Because - lets be honest, those of us getting eyelash extensions are doing it out of vanity. It's not something that we NEED, it's something that we want. And, like Rainwater says - that's ok - but it shouldn't hurt anything else.
"I want to make sure I'm being kind to animals and being responsible when getting something as unnecessary as lash extensions," she said. "But we enjoy it, and we want it - but it shouldn't have to hinder other things."
After spending several hours with Rainwater hearing the nitty gritty details of adhesives, lash extensions, animal testing, and everything that goes into this growing beauty phenom - I've drunk the koolaid. Completely. Partially because now I can't get the image of bunnies being painted on with adhesives out of my head, but also because Rainwater's vibe is so essentially non-pretentious. They are not throwing the word 'vegan' on these lashes just to get the hipsters in their doors. Rainwater and Anderson are doing it because they feel passionately about it, and believe in it.
"Lashes have come so far in the last 10 years that we really don't need to do testing anymore," she argues. "We know what the adhesives do, and here at our salon, we absolutely do not attach them to the skin. They are applied to the lash, and only the lash about a millimeter up from the lash line. So there is very, very little risk of reaction with the way that we do lashes."
That, and being cruelty-free aren't the only things that set Lancer & Lace's lashes (say that ten times fast) apart.
"We like to make the lash extentions look like you have perfect mascara on," said Rainwater. "I want people to be like 'What kind of mascara are you wearing?' rather than 'Where do you get your lashes done?'"
Those of you who regularly get lashes are probably pretty familiar with the different "gauges", or essentially - thickness levels that the extensions come in. They can be super duper lightweight, or very very thick. It's all about the look you're going for at the end of the day.
Lancer & Lace only carries the lightweight gauge. They don't even stock the thick ones. In fact, they've turned customers away - I repeat, turned customers away - who have wanted the super thick gauge lashes.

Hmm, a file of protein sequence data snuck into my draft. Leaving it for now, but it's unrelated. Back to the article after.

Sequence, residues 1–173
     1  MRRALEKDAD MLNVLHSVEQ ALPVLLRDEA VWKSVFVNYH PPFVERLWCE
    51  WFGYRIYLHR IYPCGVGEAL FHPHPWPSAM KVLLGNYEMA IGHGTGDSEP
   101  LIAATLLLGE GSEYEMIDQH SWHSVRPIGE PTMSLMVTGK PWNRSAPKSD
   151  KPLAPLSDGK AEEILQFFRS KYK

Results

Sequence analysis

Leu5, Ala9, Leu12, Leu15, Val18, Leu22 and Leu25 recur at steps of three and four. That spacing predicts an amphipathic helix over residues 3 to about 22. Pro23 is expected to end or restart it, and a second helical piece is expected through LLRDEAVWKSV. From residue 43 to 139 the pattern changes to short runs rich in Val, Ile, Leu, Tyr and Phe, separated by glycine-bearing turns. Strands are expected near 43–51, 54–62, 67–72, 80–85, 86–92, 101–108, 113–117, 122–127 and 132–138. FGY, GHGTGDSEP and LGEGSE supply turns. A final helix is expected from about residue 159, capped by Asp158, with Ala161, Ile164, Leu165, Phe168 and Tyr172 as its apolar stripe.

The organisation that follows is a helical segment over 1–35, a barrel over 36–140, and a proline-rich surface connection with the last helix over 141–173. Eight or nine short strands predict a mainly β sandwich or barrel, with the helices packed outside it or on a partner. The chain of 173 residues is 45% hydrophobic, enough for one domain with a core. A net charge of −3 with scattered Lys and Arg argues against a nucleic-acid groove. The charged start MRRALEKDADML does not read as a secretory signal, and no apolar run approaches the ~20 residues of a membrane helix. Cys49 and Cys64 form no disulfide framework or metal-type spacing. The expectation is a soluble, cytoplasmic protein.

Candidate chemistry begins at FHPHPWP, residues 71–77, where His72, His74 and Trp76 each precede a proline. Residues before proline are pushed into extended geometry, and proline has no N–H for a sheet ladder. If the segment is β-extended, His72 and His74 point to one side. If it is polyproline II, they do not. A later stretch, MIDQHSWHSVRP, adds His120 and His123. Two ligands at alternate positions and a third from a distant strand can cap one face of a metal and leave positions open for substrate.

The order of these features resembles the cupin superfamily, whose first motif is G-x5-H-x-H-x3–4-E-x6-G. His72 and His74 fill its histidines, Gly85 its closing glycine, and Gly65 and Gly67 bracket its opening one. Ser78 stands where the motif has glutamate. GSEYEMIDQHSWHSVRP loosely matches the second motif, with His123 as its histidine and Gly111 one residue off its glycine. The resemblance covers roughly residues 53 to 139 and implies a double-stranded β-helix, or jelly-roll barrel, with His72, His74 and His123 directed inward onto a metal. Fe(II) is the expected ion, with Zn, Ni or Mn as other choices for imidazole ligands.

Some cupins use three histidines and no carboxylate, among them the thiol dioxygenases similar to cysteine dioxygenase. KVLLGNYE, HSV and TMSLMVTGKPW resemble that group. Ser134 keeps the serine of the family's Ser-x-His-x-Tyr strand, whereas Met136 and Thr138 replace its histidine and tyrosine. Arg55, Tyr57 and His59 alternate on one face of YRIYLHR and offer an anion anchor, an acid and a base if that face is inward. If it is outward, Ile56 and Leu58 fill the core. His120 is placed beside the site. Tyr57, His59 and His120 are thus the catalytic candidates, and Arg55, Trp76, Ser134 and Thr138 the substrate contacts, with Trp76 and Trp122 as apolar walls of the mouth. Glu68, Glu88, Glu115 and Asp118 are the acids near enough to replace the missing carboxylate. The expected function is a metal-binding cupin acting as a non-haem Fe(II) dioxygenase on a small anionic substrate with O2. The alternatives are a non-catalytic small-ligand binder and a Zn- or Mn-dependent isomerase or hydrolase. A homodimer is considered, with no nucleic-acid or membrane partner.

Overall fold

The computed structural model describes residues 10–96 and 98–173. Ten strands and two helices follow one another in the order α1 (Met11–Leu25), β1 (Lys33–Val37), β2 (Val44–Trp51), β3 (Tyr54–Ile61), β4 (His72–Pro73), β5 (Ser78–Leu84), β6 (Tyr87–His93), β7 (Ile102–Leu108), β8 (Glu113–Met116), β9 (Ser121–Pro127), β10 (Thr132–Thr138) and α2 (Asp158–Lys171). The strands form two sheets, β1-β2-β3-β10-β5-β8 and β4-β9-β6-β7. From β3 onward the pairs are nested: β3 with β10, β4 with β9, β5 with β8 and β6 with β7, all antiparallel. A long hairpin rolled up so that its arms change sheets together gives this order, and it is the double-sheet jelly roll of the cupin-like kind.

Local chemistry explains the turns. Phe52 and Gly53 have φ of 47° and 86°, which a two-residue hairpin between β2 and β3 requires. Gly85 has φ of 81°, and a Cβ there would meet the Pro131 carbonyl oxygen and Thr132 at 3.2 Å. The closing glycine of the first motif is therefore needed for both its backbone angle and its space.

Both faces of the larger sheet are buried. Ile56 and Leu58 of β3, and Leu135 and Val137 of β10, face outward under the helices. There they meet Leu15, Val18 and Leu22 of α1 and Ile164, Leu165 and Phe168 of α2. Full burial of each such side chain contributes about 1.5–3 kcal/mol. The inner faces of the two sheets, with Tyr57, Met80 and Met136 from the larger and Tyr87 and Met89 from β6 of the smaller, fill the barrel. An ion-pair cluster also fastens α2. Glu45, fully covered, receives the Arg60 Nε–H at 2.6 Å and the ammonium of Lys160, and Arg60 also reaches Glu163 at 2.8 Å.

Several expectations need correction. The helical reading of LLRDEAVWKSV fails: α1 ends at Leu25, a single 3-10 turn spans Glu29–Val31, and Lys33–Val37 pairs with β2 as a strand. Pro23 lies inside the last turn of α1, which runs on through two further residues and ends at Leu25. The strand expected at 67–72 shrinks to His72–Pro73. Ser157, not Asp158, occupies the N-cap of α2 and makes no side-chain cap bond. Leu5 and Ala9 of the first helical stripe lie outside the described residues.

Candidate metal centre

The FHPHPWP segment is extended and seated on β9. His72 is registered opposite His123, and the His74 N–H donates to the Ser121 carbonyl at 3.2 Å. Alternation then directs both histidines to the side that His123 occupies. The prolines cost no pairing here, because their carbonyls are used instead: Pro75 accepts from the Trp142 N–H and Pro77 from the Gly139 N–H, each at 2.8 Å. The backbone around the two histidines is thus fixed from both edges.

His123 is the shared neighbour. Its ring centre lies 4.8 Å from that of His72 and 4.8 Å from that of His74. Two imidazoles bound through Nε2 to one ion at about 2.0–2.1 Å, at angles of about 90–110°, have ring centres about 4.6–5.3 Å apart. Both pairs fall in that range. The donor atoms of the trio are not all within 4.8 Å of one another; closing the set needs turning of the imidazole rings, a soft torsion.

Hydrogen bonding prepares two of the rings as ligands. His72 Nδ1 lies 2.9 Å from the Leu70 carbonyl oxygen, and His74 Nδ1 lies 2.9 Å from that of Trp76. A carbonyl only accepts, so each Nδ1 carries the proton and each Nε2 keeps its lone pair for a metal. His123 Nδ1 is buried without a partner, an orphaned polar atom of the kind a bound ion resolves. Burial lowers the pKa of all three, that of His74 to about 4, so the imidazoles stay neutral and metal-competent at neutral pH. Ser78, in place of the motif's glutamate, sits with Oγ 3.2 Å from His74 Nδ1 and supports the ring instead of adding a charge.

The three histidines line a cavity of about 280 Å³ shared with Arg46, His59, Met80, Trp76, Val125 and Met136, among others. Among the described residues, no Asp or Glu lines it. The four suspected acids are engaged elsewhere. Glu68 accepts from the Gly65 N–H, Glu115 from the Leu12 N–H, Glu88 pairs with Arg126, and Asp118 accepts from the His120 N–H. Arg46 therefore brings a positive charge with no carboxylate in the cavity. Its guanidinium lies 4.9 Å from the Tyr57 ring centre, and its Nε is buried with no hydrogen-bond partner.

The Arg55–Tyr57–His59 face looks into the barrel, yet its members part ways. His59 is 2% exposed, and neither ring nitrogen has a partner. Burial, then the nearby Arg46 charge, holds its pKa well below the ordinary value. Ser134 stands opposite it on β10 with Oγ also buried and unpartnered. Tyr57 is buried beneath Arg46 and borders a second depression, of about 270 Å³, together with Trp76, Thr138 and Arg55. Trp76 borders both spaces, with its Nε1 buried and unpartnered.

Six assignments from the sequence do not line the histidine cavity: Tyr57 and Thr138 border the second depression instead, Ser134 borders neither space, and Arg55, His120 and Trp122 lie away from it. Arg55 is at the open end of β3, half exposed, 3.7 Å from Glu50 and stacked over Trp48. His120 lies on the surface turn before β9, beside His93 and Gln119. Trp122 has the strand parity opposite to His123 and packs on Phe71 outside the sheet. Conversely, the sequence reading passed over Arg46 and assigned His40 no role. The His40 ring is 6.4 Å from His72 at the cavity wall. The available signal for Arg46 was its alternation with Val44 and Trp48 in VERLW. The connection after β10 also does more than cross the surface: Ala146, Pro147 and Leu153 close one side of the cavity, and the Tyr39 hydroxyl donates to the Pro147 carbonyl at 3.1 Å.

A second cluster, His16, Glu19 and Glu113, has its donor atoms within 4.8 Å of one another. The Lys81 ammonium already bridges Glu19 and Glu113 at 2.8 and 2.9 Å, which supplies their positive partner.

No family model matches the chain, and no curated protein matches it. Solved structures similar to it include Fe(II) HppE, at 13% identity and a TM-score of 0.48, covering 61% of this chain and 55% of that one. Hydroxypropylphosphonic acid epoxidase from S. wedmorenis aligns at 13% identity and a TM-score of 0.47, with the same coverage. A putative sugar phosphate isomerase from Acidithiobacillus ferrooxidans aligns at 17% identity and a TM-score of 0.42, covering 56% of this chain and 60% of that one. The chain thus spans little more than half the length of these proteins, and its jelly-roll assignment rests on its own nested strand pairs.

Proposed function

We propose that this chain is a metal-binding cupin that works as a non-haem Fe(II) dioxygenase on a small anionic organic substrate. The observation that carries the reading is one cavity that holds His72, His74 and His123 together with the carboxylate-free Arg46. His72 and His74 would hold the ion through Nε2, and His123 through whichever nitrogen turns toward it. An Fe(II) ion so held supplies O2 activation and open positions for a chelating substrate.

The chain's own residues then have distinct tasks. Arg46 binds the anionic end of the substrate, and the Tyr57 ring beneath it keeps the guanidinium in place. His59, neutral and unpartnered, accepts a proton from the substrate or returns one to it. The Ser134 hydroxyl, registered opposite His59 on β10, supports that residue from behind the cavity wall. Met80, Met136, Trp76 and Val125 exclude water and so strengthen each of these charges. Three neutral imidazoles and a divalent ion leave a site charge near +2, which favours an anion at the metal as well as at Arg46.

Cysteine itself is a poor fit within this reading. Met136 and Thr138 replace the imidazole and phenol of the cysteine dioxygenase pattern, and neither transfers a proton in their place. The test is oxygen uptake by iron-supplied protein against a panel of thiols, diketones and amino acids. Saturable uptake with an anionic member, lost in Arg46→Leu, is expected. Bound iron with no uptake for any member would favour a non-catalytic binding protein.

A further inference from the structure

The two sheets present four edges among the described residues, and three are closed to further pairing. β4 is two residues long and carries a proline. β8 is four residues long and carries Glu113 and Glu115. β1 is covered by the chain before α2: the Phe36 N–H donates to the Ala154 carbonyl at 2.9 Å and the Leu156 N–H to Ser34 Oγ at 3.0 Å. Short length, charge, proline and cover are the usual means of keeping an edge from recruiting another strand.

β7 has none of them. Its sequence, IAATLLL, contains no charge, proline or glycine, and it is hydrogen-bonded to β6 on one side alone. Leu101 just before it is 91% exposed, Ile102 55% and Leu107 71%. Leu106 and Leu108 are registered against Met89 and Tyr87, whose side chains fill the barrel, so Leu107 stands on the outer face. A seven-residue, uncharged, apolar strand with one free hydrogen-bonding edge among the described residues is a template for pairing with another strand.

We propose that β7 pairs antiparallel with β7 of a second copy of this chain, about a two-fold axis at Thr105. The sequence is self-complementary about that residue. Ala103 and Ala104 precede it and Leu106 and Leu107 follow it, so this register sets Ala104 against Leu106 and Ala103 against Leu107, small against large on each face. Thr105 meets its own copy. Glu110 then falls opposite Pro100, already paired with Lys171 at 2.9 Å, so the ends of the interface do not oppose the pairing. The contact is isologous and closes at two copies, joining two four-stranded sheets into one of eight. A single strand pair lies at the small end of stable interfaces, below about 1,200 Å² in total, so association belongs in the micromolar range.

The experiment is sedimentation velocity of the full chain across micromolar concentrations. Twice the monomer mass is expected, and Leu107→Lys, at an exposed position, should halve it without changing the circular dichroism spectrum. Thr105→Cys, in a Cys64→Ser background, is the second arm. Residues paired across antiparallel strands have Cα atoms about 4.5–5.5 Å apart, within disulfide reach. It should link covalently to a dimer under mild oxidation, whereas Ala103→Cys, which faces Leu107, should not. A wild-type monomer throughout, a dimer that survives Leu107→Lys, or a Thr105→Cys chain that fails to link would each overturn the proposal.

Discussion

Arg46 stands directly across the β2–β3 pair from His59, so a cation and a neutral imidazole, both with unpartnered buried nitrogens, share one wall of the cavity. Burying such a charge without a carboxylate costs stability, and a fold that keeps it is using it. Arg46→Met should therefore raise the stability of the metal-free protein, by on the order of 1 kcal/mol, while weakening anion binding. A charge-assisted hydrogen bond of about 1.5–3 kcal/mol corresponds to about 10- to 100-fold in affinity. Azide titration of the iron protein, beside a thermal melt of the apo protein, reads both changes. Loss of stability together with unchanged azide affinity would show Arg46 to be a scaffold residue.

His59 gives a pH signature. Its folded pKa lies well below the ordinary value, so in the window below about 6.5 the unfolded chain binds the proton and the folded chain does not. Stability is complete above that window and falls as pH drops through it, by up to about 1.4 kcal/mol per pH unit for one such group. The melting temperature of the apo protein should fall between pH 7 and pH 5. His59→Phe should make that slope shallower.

"Our style is different than a lot of other salons," said Rainwater. "I don't want it to look like you're going to a club, 9 in the morning in Starbucks - we want you to look like you did your makeup perfect, and you're waking up like that."
*insert Beyonce's mantra here*
And that, dear beauty-addicts, is why she is so good as what she does. She picked a speciality, and a niche, and has dedicated her craft and those at Lancer and Lace who work with her to doing that specifically the very best she can.
"Breanne and I are both, straight-up artists," she laughs. Breanne is another esthetician at the salon. "We use up to four to five different lengths in one full set, so that you get the variance and it looks like your natural lashes. We don't do one solid size - we'll do shorter, or even a different curl on the inside, so they don't mix around when they start to grow out."
Another shocking difference is Rainwater's aftercare regime. And no, I'm not using the work 'shocking' sarcastically AT ALL. Again, those of you who get your lashes done regularly might want to sit down.
Rainwater encourages, no - demands her clients wash their eyelashes.
Yes! Most other experts else always says never - ever - ever get them wet, because it will make them fall out. But Rainwater makes her own special lash shampoo that she sends home with her clients, and claims that because of this, and the special way they attach the lashes, they can last for three weeks without a fill, instead of the usual two.
"Think about it," she said. "A lot of people think they're allergic to the adhesive because they get itchy or red eyes after lashes. But they're just not cleaning them, and lashes are essentially large cups on the tops of your eyes for dirt and other things to get caught in."
Whoa. Mind-blown. As of writing this post, I am six days into my lashes, have washed them with the special shampoo every day and they still look fantastic. I mean...
Yeah, you can say that I'm hooked.
Now, let's talk price. Lashes are usually expensive, and fills have to happen regularly. Rainwater completely admits that their services are more expensive because they only hire senior stylists and estheticians. The good news, though - is that the vegan lashes aren't any more than the regulars would be.
At Lancer & Lace, full sets range from $200-$275, with fills between $45-$100. If you're already in the lash extensions game, we here at Refined highly suggest looking into Lancer & Lace and going vegan. And/or - convince your esthetician to go vegan!
Come on - do it for the bunnies...